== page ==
In its 30th year, the Hermiston Community Fellowship Dinner was busier than ever. By 10:15, the Hermiston High School commons had already started to fill up for the 11 a.m. meal. Volunteers buzzed around, helping diners to their seats, writing name tags, and packing to-go boxes to take to housebound people.
The Archer family packed styrofoam boxes into the back of their vehicle, and headed to West Hermiston. They were dropping off Thanksgiving meals, and the four of them — parents Adam and Rachel, and daughters Jules and Riley — knew the drill by now.
“This is our third year,” Adam said. “We get a variety of people, from the elderly to just people that can’t afford a meal.”
The Archers were part of a 100-plus group of volunteers assisting at the twice-yearly community meal, which for the first time was held at the high school, after several years at the Hermiston Senior Center.
Organizer Gary Humphreys said they wouldn’t know until the end of the meal, but they were planning to feed 900.
In addition to serving at the high school, drivers took meals to housebound people, and drove people to the meal. Organizers said they deliver meals as far west as Irrigon and south to Echo.
Dozens of others greeted guests, brought food and beverages to people, and toiled in the kitchen.
By noon, the tables were full of people enjoying the meal, with another wave on the way.
The dinner is something of a tradition for many people, both volunteers and visitors.
“I wanted to volunteer,” Adam said. “I never got to do this as a kid, so this is my way of giving back to the community.”
As they delivered meals and gave rides to people who couldn’t drive to dinner, Adam and Rachel explained to their daughters what they were doing.
“Why do we need to pick someone up?” One of the girls asked.
“Because it’s a nice thing to do,” Adam said. “And, because she might not have a car to get there herself.”
The girls were eager to help their parents, carrying bags full of meals up to the door and helping unload the boxes. At each home, the family introduced themselves, asked the name of the person they met, and wished them a happy Thanksgiving.
Some people receiving deliveries are alone, or waiting for families to arrive. “We’ve been instructed, if they want to invite us into the house, we can go in and give them company for a few minutes,” Adam said. He recalled a home they went to their first year of volunteering.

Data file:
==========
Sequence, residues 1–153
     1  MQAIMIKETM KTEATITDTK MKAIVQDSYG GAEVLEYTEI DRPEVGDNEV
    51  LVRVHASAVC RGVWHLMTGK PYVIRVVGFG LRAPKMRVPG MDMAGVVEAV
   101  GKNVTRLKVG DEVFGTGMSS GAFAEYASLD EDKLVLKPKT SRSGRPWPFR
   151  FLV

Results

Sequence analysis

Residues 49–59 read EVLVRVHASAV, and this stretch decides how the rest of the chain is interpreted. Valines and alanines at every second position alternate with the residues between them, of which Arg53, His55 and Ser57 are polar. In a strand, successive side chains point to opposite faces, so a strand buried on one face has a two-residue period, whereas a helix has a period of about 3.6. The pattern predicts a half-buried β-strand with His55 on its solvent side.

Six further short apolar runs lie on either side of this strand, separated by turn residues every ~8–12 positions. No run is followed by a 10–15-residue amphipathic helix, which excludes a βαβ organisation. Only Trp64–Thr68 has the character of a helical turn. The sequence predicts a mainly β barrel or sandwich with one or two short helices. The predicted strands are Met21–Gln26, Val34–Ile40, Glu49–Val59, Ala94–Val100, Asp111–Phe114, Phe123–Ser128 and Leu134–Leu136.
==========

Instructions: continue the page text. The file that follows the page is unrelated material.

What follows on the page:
“The home wasn’t fit to live in,” he said. “But the lady invited us in — all she wanted to do was talk.”
Sometimes, they had unexpected orders come in. At one delivery, a man in a neighboring apartment saw them and asked if they had any food left.
“No, but they’re serving dinner at the high school. We can place an order for you,” Rachel said.
Twenty minutes later, they were back with hot meals for the man.
The Archers’ final assignment for the day was driving a woman, Mary Getchel, to the meal. Jules, the Archers’ eight year-old daughter, chatted cheerfully with Getchel, who shared a little about herself.
“I’ve lived here for 15 years,” she said. “I like the dinner.”
Joe Kiser, who helped start the Community Fellowship Dinners in the late 1980s, said he was pleased to see how it’s expanded.
“The first meal had 11 people,” he said. “From there, it blossomed to about 30 people. And from there it just exploded, into the hundreds.”
Kiser’s wife, Laurie Ball-Kiser, coordinated the meal for several years. She passed away in June, but the event is still going strong.
“The goal was just to open up and help people during Thanksgiving and Christmas,” Kiser said. “Just do something for the community.”
For Adrea Powers and her six year-old son Kody, the dinner was the beginning of what they hope is a new tradition. After moving to Echo a month ago, Powers said she and her son were looking for something to do on Thanksgiving.
“I was trying to instill in him the true meaning of Thanksgiving,” she said. “To serve and participate and be a part of our new community.”
Powers said she didn’t register to volunteer, but showed up on Thursday and just asked if they could do anything to help.
“We don’t have family in the area, and don’t know a lot of people — it didn’t make sense for us to cook on our own,” she said.
But at the end of the meal, Powers and her son had made friends with their tablemates, longtime volunteers Larry Parvin and Marian Perdas.
“Everyone has been receptive — it’s been very nice to meet other people,” she said.